Story: Nov 24, 2014
Artist-in-residence Chi-Yu Liao appreciates CIA reception
CIA Exhibition: Nov 07, 2014
Fall 2014 Exhibitions
Story: Nov 15, 2014
Students capture two of the top prizes in museum's surreal d...
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The Art of Designing Everything
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Story: Nov 04, 2014
New CIA building taking shape; set for December completion
Blog . iBooks make textbooks fun to use (Part 1: Math)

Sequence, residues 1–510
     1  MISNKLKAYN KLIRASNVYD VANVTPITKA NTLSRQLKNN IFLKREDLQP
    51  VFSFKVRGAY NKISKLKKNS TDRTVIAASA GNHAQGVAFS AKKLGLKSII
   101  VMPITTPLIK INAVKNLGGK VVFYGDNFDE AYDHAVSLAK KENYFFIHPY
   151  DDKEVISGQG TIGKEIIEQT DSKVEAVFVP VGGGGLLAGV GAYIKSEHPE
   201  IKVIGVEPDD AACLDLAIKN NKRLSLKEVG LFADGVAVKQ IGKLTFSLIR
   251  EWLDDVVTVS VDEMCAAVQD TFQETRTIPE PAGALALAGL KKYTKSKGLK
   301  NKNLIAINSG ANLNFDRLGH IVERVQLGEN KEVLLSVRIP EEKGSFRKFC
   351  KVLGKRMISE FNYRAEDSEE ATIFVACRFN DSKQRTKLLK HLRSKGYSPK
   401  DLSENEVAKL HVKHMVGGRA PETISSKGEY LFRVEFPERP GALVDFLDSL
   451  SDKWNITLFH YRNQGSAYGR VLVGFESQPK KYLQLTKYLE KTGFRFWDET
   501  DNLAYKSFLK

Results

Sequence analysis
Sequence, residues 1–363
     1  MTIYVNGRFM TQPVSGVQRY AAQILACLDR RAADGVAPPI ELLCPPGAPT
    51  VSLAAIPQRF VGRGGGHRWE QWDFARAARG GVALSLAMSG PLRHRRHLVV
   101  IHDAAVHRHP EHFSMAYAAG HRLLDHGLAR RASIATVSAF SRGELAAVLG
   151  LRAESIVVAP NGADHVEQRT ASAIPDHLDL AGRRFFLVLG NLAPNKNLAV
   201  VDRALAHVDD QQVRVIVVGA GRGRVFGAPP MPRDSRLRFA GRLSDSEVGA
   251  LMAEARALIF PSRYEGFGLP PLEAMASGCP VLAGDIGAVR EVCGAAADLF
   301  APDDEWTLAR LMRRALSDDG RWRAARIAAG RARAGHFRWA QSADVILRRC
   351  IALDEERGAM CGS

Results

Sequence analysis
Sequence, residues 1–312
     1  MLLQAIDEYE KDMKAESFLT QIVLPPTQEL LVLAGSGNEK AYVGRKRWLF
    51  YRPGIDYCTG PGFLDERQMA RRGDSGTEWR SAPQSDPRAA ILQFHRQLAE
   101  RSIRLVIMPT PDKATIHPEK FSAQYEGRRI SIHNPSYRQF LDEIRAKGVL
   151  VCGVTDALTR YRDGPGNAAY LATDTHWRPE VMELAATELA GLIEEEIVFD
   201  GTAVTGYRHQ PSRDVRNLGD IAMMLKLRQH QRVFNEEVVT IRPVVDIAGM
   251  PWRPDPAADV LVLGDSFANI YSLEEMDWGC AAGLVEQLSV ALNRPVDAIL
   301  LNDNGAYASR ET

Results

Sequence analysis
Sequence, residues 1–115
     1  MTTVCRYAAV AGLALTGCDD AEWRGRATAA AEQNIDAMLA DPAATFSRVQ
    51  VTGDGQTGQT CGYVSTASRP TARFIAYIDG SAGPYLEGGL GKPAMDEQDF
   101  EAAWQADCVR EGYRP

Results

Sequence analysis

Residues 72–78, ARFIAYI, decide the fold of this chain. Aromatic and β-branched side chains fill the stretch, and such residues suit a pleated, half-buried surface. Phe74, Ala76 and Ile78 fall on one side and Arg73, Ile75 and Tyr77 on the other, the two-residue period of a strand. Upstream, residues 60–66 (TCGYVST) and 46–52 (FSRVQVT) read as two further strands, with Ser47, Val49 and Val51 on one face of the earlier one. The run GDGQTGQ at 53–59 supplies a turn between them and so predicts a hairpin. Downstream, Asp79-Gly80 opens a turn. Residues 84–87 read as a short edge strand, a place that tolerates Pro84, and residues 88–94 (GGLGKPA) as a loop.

With the update of the iBooks app comes a plethora of new features. One such feature is the ability to download interactive textbooks from Apple's iBookstore. Why interactive textbooks? Well, for starters, interactivity promotes leaning and recall far past the sort of short term memorization most students use to study for and take exams. Secondly, interactivity is fun, and fun makes even the most droll of subjects more easily accessible. It is for this reason that the subject I've chosen to review first is Mathematics. Now, I am not a good student of mathematics, and never have been. My SAT scores on the subject were run of the mill at best, and that was only due to persistent and fanatical studying. But even as an artist, in an art school, there are a number of reasons why math is still important. Between budgeting material costs, programming for gaming and reactive installation, and even calculating the right temperature and time to cast glass, math has many uses in the art world and it isn't a safe subject to ignore now that you're out of high school. Be that as it may, most people in CIA will never take another math class in their lives, understandably, and their skills with it will falter as the years of nonpractice go by. So, you should get a few practice equations in every now and then, just to make sure you're not the one dropping your budget ball on a painting project, messing up your enameling in craft, or destroying your entire render due to a few misplaced variables in Biomed or TIME. Right now, the only math textbook available on the iBooks store is Pearson's Algebra 1 and McGraw Hill's Geometry, though more will be released in both easier and harder increments of mathematics as more books are adapted to the medium, or created anew specifically for it. So let us begin by looking at Pearson's Algebra 1. [caption id="attachment_2009" align="alignnone" width="400" caption="Not sure what's up with the mechanical fish, but it's pretty cool anyway."][/caption] And we can start with chapter 2. Why? because we're artists. we're rebels. We go straight to chapter two if we want. Also, that was the free sample chapter available for me to use. [caption id="attachment_2015" align="alignnone" width="400" caption="Giant dice. This is looking interesting already"][/caption] Now, by selecting the pages at the bottom of the screen you can start the lesson on one step algebraic equations. These actually do come in handy in everyday life, so it's pretty exciting. The actual factual lessons are laid out in much the same way as a traditional textbook, but there are occasional opportunities to get some extra learning in. Like the videos you can play with a tap of the finger, where a 3D animated lady will walk you through some of the trickier technical aspects of solving for x. [caption id="attachment_2011" align="alignnone" width="400" caption="The students of art history will recognize that pose as contrapasto"][/caption] The real fun comes in the review sections, where the answers are presented in much the same was as a standardized test mixed with an online survey, and realtime response to your correctness or incorrectness. I love this. I think it's great. The worst part of reviews in standard textbooks was always doing all of the problems, then looking up the answer key, deciphering the answer key, and grading your own test. This has none of that, and the bite-sized quizzes of two to six problems don't leave you burnt out on a particular operation. [caption id="attachment_2013" align="alignnone" width="400" caption="Is it right? did I do good?"][/caption] [caption id="attachment_2012" align="alignnone" width="400" caption="YES!!!"][/caption] And for a self admitted math hater, I spent the better part of an hour and a half learning algebra again. Now I feel confident in my ability to calculate tips, estimate the cost of an installation, and bring my mold down from high temperatures without cracking the glass inside. Excellent! Now for the second available math text on the Ibooks store: Mc Graw Hill's Geometry. For some reason, this one's sample chapter was on triangles, which you might remember as being one of the more boring things about geometry. But we'll give it a shot. [caption id="attachment_2016" align="alignnone" width="400" caption="Oooh, geometric morphing bubble ball. This one might be awesome"][/caption] And inside the front cover: [caption id="attachment_2017" align="alignnone" width="400" caption="Bicycles make me think about triangles also."][/caption] So we can have a look at their educational interface: [caption id="attachment_2018" align="alignnone" width="400" caption="it's... no! it's a normal textbook!"][/caption] This book seems to simply be an ebook version of the McGraw Hill Geometry text. None of the problems are interactive or quizzlike, relying on the same solve, then look up answer key formula everyone seems to hate. I mean, they try to spice it up a bit with a rotatable model here and there, and a few personal tutor videos. [caption id="attachment_2019" align="alignnone" width="400" caption="Rotating the eiffel tower is only awesome for so long"][/caption] But in the end, this is an ebook adaptation of a text and not much more. I mean, you can still learn geometry from it, and it's better than buying a textbook for a hundred dollars, then using it as a coaster while you surf Reddit, but it isn't very impressive compared to Pearson's. In the end, we've established that not losing basic math skills is essential, no matter what major you go into, or what career. The iPad's interactive textbooks give you a fun and relatively cheap way of brushing up on your left brain exercise, without wanting to punch yourself in the kidneys in frustration with traditional math lessons. I suggest Pearson's over McGraw Hill for now, but who knows what will happen in the future? Perhaps another company will come out with a book that is so immersive, so fun, and so intuitive that it will barely feel like math at all. In fact, I eagerly await the day that they do. Stay tuned next week for the second part of this series: Natural Sciences. Happy learning to all of you. Both Pearson's Algebra 1 and McGraw Hill's Geometry are available on the iBookstore for $14.99. A worthy investment in the future of your brain and money, don't you think?